Small Studio Portraiture with the Sigma 50mm Art Lens


Most of my paid work is in the field. But I have a small dedicated studio for portraiture. The biggest challenge in there is softening the background that's only a few feet behind the subject.

I've been testing the Sigma 50mm f/1.4 DG HSM Art lens on my Canon 5D Mark II, and this optic has solved many of my small studio problems.

I decided to push this notion to its limits by shooting an entire portrait session at f/1.4. I knew I would have to be careful with the focus. But when I succeeded, the results could be beautiful.


My portrait room measures 14' long by 12' wide. I have a backdrop system against the back wall that takes up a few feet, then moving the subject forward from the backdrop costs me another 3' to 4'. The Sigma 50mm Art lens on a Canon 5D Mark II allowed me to shoot full length portraits when I backed-up against the other wall, yet provided enough magnification for head-and-shoulder portraits as needed.

Shooting at f/1.4 was exciting. I had fast shutter speeds regardless of my lighting scheme. Sometimes I used window illumination only. Other times I added a pair of Lowel Ego Lights, as I did for these images.


I loved the results. Generally speaking, I focused on the eye closest to the camera, and let everything else trail off. The backgrounds were creamy soft, even though they were just a few feet behind the subject. I set the color by using Custom White Balance on the Canon, and then let the Sigma deliver the results from there.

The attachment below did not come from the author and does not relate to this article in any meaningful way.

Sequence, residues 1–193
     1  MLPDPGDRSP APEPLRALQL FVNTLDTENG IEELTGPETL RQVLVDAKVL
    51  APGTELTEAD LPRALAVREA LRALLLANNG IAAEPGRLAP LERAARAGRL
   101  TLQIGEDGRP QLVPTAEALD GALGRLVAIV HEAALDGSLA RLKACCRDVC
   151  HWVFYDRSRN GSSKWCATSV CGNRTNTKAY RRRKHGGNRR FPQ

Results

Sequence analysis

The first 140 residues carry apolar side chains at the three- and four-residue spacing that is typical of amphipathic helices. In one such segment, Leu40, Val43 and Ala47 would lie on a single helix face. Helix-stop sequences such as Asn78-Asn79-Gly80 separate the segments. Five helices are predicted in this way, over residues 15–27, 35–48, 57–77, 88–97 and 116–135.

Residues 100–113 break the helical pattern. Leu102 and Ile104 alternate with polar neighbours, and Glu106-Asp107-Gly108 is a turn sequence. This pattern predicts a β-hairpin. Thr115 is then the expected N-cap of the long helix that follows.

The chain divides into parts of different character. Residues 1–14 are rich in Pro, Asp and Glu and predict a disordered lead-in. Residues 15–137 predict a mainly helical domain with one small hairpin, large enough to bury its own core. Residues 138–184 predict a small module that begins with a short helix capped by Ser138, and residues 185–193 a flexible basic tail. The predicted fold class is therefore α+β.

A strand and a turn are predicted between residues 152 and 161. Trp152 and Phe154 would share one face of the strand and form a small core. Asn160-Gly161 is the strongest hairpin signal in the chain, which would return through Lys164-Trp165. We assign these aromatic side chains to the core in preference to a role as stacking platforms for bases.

These images are not retouched. I've made no exposure, white balance, sharpening, or brushing adjustments. They were captured off the screen of my MacBook Pro 15" with Retina Display at 100 percent so you could see how the Sigma 50mm Art lens handled the details.

For photographers with small studios, this is a lens to consider. The Sigma 50mm f/1.4 DG HSM Art lens is available in Canon, Nikon, Sony, and Sigma mounts. The build and design are top notch. For me, it's a bit heavy for field work. I'd rather shoot with my Micro Four Thirds cameras for events. But in the studio and for commercial work, this premium optic delivers the goods... even wide open.

Learn More About the Art and Business of Portraiture

In my title, Photographing High School Senior Portraits, I'll show you how to organize, photograph, and deliver great images for fun or profit. Take a look at the free movies and see for yourself.

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